Liberal democracy in the UK is not in good shape. Fears that our once triumphalist political culture is now falling apart are suppressed. "Uncertainty" serves as stop-gap euphemism for deeper disquiet. There is talk of new opportunities and proud self-determination, much patriotic bravura. But minorities suffer abuse, violence and even murdered, and there are portents of worse to come.
We not not alone. Globalisation and its discontents ring true as the prime mover of a wider malaise in Europe and the USA. But what aspect of globalisation is the root problem: its cultural or economic impact, transnational production or financial services, the information economy or networked societies, China or laissez-faire Ireland? As my old Irish Professor would say "all very amorphous". The last two decades of globalisation have seen a dramatic reduction in poverty in many countries. If China is taken as an example, a bad press for globalisation is unwarranted.
We are certainly in the domain of complex, amorphous and global causes but I would rather plump for Populism, mainly of the Right, as the prime culprit. At least it is a half decent political concept involving political agency deployed to explain a political sea-change Perhaps a little deceptive; democracy implies that the people decide, so how come popular becomes a negative quality and populism a pejorative description? Snobbery, elitism, we know best? We, being, cosmopolitan well educated people like myself with a good income.
If you want a definition of populism just watch Trump and Farage, or Trump with Farage in their recent double act. What is the world that they conjure up? Pride of place, centre stage, are themselves, the embodiment and voice of the people. Not any old people, but the virtuous, silent and silenced majority, all of one mind, the homogenous mass of the forgotten righteous, put upon; a sidelined, victim people controlled by the rich and greedy, but with their instincts of virtue still intact.
Who has done this to the sovereign people? Who are the perpetrators? Different elites who control everything, corporations, tycoons, intellectuals, experts, EU civil servants, but most notably politicians and "foreigners", all trying to undermine the values, way of life and identity of the people, whittle away their rights, reduce their pay and public services and shut them up.
There are, of course, particular socioeconomic and political conditions that favour this toxic ideology, not least the parts of it which plausibly highlight features of the contemporary reality. The first is obviously a dominant political culture in which it is acceptable to be intensely relaxed about inequality, a society in which stunning wage differentials between top and bottom express not just greed but contempt for the work of the poorly paid. The second is a minority of politicians whose behaviour encourages a rejection of political parties and politics itself as the common sense approach to life; "they are all the same", "the political class" as the class enemy. A third is failed policies to integrate migrant labour and asylum seekers in a world of porous national boundaries.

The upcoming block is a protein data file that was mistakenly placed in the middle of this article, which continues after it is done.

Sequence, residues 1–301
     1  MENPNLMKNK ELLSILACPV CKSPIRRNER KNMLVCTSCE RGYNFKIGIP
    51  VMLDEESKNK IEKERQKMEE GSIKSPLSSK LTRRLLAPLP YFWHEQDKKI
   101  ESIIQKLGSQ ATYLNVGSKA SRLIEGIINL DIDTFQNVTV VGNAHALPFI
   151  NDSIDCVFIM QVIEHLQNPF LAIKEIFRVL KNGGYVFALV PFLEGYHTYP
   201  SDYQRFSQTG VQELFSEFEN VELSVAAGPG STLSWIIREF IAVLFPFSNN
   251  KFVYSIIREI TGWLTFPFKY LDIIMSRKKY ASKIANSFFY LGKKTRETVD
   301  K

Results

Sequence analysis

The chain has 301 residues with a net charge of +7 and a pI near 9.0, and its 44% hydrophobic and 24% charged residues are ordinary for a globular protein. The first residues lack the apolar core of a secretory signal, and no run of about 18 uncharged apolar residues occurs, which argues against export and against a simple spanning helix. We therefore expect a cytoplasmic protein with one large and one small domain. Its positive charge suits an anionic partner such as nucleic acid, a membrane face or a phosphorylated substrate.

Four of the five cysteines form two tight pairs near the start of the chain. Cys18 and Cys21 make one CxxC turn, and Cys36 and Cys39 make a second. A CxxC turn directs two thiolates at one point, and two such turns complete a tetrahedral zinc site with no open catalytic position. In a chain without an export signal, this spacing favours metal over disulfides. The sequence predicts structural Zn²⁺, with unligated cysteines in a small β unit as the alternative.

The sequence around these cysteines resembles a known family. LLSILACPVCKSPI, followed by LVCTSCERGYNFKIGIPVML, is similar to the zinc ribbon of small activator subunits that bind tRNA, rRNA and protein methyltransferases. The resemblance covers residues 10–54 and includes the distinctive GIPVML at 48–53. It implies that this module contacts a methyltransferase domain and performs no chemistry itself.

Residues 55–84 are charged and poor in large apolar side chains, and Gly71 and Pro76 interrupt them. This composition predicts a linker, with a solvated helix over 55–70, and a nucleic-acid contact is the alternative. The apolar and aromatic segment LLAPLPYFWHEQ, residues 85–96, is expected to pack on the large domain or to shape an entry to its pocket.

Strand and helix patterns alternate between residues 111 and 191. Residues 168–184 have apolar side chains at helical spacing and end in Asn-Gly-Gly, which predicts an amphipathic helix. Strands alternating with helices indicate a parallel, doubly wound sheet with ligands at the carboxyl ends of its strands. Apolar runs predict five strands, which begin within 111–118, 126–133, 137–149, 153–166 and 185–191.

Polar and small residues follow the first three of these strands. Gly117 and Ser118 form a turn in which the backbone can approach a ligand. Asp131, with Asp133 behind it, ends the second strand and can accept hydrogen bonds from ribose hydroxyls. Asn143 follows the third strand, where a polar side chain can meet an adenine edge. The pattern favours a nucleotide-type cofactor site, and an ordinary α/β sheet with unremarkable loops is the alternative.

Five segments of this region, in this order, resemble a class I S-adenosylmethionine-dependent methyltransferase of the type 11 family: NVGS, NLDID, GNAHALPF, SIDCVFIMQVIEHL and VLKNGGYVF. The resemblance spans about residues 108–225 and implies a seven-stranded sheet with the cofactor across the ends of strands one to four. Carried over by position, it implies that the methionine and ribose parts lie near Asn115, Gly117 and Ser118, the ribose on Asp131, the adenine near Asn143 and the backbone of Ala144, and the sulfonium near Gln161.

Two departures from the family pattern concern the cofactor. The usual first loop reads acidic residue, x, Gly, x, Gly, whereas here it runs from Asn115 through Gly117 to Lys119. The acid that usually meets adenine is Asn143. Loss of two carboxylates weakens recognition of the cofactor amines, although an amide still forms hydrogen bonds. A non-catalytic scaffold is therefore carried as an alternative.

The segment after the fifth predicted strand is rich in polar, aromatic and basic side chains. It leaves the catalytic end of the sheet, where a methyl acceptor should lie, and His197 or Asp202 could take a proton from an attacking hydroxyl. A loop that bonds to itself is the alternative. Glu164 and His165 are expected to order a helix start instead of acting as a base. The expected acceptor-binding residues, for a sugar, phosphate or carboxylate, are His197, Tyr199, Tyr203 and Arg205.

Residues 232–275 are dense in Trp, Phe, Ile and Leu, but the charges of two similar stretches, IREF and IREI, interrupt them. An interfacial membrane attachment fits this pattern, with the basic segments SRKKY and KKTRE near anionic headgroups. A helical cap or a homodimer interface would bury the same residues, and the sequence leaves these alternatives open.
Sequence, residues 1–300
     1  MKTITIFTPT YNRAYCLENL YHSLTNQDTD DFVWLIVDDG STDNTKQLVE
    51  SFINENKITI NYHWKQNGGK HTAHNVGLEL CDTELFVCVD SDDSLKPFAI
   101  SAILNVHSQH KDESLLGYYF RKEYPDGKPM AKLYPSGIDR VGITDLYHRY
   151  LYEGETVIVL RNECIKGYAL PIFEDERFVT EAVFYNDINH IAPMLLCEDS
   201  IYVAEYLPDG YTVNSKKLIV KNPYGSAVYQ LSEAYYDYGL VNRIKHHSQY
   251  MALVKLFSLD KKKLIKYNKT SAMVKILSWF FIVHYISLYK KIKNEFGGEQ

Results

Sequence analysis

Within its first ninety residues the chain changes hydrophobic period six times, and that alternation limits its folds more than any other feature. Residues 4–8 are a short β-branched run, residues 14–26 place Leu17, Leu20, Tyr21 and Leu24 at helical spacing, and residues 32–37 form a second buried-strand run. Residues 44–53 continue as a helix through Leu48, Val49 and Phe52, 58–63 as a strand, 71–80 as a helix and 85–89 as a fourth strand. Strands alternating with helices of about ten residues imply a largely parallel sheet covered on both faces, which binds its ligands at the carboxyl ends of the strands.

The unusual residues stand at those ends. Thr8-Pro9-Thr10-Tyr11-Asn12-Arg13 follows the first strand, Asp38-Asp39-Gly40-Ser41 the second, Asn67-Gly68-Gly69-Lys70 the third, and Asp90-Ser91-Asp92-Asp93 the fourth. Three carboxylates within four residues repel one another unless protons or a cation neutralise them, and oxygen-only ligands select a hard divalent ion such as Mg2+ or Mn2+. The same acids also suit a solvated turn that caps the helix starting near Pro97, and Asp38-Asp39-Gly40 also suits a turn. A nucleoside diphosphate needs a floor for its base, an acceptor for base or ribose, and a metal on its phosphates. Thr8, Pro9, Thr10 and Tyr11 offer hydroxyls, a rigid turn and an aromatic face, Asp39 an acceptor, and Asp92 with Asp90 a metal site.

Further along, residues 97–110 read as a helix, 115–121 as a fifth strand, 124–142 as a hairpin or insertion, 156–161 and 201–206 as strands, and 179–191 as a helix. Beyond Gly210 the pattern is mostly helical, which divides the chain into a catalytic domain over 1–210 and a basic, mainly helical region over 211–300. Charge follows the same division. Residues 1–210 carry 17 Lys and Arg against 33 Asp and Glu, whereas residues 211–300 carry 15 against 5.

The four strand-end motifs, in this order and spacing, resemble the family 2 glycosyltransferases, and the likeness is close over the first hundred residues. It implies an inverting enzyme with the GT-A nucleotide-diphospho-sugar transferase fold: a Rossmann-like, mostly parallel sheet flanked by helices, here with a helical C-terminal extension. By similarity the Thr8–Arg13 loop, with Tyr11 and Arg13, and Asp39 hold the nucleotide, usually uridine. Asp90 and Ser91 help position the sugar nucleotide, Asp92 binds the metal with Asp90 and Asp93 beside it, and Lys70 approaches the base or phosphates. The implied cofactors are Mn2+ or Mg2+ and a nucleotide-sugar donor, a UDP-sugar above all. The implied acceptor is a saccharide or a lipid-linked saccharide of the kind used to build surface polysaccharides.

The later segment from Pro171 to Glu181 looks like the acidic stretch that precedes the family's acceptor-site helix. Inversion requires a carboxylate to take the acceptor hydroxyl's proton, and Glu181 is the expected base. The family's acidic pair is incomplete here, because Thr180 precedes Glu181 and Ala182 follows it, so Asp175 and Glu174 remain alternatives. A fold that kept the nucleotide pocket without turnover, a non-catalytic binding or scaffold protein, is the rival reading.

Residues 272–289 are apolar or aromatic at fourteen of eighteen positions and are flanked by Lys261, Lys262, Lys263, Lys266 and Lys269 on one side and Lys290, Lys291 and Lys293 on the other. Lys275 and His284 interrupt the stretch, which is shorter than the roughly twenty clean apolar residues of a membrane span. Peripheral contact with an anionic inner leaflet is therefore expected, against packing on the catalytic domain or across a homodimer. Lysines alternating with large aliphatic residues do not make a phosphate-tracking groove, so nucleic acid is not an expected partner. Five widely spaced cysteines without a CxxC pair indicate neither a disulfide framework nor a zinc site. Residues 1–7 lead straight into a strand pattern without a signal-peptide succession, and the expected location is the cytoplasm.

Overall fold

But none of this would be enough to account for the Front National, France, Vlams Blok (Vlams Belang from 2004), Belgium, Alternativ fur Deutschland, Germany, Lega Nord, Italy, and the cults past and present of Berlusconi, Haider, Farage, Orban, Trump and Wilders, without their echo chamber and amplifiers, the mass media. This is not simply a matter of providing the political branch of celebrity entertainment, and there is plenty of that outside Europe too, for example in Philippines where poor vigilantes and police, with President Duterte's blessing, hunt down less poor drugs dealers in a version of the Hunger Games.
The language of the tabloids builds and plays into populist ideology. Thus the "chattering classes", the "Westminster bubble"; "scroungers" and so on. The grosser the sentiments expressed, the greater the coverage. The journalism of resentment, cynically manipulated by members of the very elite that is condemned in their papers, has played a key role in amplifying xenophobia and reinforcing in the readers' mind immigrants as the enemy "other", a central plank of the populist performance.
As if politicians did not go out canvassing, hold town-hall meetings and regular surgeries in which they encounter some of the most alienated and destitute members of society, meet racism and anxiety about immigrants, as if none had children who went to school or ended up in A & E on a Saturday night, or parents in care homes, as if none had come into politics for public service and, often, motivated by a vision that involved,as first priority, the alleviation of poverty.
One consolation is that populist movements wax and wain. The latter when they assume power in coalitions. The immediate danger is that, as with Nicolas Sarkozy and the Tory Brexiteers, the Centre-Right tacks into the prevailing wind and goes to the country on core parts of the populist discourse. And by so doing legitimates xenophobia and anti-minority sentiment. That in large measure was how Brexit happened. Now Britain finds itself in the dilemma adumbrated by the Hungarian political scientist, Karl Polanyi, in the 1930s, the compatibility of democracy and capitalist growth. The rest of Europe should take note. Britain is about to demonstrate the high price of populist politics for economic and social stability. UN Human Rights Commissioner Zaid Ra'ad al Hussein is right: the populist zeitgeist is a menace for liberal democracy.
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